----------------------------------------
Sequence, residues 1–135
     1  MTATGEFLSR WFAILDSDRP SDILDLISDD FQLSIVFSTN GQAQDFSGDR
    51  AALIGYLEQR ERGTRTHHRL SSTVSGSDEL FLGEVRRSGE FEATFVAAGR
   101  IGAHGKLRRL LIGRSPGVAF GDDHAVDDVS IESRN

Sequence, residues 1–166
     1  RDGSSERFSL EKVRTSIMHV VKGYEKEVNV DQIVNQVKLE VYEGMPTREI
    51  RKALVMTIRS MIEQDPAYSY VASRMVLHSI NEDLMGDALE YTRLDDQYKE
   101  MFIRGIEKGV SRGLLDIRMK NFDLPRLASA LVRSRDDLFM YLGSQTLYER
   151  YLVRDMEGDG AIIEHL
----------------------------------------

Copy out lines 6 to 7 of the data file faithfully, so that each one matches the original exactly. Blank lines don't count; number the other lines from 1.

     1  RDGSSERFSL EKVRTSIMHV VKGYEKEVNV DQIVNQVKLE VYEGMPTREI
    51  RKALVMTIRS MIEQDPAYSY VASRMVLHSI NEDLMGDALE YTRLDDQYKE